Archive 04/01/2022.

# Visualizing conflicting trees with different sampling?

josephwb

Anyone know the best way to visualize conflicting tree toopologies with incomplete overlap in taxon sampling?

What we got: a complete tree (say, species tree), and a whack of gene trees which may or may not have complete taxon sampling. We want a figure with single set of taxon labels that all trees map to. Ignoring edge lengths, as things get messy very quickly. If a gene tree does not contain taxa in the basal split of the species tree, don’t want it’s root to start at the species tree root, but instead more tipward; otherwise, relationships get obscured.

DensiTree is something we have explored, but it doesn’t seem to work well with uneven sampling across trees. We’ve also been playing with R code graciously provided by @liamjrevell, and we may be able to get this to do what we want, but I thought I would check with with the phylo-timaliids to see if something already exists.

Thanks! JWB.

jhcepas

I recently added to the ETE toolkit the option to calculate the robinson-foulds distance between trees with different sampling. These improvements are still part of a pre-release version of ETE available here (usable, but not heavily tested and documented yet). You may want to take a look at the tree.robinson_foulds() function.

Also, as part of the pre-release version, several scripts are included that allow to compare trees:

1. ete diff: command line tool that shows the differences between two topologies I am still working in possible improvement on how differences are detected. Currently it uses euclidean distance between the content of two clades. At some point, I would like to join the output to the ETE tree visualization features, so differences can be nicely displayed.
2. ete dist: calculate RF distance between trees
3. ete maptrees: calculate distances between a bunch of genetrees and a reference species tree. It allows missing species and decomposition of duplicated gene families.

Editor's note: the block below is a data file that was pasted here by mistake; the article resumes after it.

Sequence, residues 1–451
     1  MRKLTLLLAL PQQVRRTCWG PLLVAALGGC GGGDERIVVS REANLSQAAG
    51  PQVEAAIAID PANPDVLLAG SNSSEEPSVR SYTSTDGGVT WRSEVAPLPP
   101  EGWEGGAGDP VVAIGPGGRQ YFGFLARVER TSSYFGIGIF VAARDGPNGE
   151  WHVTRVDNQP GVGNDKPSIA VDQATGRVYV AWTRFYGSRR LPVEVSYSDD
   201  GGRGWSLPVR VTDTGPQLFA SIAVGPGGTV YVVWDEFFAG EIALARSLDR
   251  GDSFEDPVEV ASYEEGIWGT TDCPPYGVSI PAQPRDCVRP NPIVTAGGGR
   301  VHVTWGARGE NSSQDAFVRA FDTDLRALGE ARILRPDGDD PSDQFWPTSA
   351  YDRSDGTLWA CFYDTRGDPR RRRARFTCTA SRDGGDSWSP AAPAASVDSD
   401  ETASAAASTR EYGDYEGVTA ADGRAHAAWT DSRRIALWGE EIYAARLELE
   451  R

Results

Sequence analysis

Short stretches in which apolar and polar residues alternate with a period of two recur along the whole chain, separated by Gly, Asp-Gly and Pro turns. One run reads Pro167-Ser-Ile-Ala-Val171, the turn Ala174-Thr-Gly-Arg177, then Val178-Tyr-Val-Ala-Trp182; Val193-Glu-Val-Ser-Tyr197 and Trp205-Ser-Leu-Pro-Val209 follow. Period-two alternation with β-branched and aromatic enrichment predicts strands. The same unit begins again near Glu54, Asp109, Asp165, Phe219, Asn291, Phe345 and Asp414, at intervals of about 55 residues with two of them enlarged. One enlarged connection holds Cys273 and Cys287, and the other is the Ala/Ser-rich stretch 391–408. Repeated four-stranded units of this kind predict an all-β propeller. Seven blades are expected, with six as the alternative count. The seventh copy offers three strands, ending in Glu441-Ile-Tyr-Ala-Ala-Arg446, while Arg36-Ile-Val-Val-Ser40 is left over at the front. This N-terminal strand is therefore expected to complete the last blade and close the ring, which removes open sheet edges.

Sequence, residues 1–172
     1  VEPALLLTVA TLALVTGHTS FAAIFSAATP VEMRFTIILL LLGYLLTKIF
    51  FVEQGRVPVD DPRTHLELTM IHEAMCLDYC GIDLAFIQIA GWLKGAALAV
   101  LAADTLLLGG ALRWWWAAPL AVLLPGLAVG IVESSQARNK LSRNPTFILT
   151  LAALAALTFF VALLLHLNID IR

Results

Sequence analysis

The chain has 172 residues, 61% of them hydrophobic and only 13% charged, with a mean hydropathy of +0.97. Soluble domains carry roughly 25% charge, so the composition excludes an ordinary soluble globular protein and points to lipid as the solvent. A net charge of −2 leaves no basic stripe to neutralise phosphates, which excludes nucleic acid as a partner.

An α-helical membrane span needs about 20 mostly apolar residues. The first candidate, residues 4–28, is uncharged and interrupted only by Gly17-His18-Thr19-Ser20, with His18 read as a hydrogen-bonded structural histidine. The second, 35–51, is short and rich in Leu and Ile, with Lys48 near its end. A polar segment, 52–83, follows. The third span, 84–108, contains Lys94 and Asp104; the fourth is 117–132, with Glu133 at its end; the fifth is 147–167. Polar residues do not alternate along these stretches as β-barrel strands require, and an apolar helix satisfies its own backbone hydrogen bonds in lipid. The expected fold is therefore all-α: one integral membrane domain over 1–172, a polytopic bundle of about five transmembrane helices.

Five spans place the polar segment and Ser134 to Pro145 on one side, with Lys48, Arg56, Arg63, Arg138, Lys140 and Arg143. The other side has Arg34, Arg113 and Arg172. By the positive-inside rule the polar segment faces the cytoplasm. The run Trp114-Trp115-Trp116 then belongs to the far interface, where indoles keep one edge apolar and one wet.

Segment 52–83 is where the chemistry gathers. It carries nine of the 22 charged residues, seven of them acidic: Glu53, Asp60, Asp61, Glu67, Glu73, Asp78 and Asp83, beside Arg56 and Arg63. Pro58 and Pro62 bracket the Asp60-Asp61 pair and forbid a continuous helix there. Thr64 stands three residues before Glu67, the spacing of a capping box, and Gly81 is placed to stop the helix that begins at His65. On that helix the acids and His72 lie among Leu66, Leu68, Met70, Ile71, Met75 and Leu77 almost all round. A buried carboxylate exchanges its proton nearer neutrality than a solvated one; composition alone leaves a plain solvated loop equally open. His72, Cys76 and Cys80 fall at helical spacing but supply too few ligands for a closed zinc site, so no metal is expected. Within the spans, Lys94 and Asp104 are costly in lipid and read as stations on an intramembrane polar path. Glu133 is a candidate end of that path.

As I said, all programs should be functional but they are still a work in progress…

brhollan

I know of two approaches to this. The Z-closure method

Huson, Daniel H., et al. “Phylogenetic super-networks from partial trees.” IEEE/ACM Transactions on Computational Biology and Bioinformatics (TCBB) 1.4 (2004): 151-158.

which is implemented in SplitsTree4. It starts with partial splits and uses a closure rule to build up a set of complete splits which are then displayed as a splitsgraph.

The second is Quartet-Imputation

Holland, B., Conner, G., Huber, K., & Moulton, V. (2007). Imputing supertrees and supernetworks from quartets. Systematic biology, 56(1), 57-67.

It begins by filling in the taxa that are missing in each tree in such a way as to try and maximise the number of quartets that agree with other trees in the input set. Then you can do what you like with the resulting set of trees, usually a consensus tree or consensus network, but no doubt you could also feed them into Densitree.

Cheers, B

josephwb

Thanks @jhcepas. I think I poorly worded my request. I am not looking to perform analyses on the various trees, I just want to display them on a common plot. Bascially: DensiTree, but with incompletely-sampled trees.

But the tree metrics you mention sound very useful. Good to know these are available.

josephwb

Thanks @brhollan. Have thought about networks, but it just isn’t what we are looking for.

taxonbytes

Here’s an output of Euler/X for two conflicting/differently sampled trees of the lemur clade Cheirogaleoidae (1993 / 2005 analyses). However it uses all input names. http://taxonbytes.org/using-the-euler-x-toolkit-to-align-taxonomies-introductory-notes/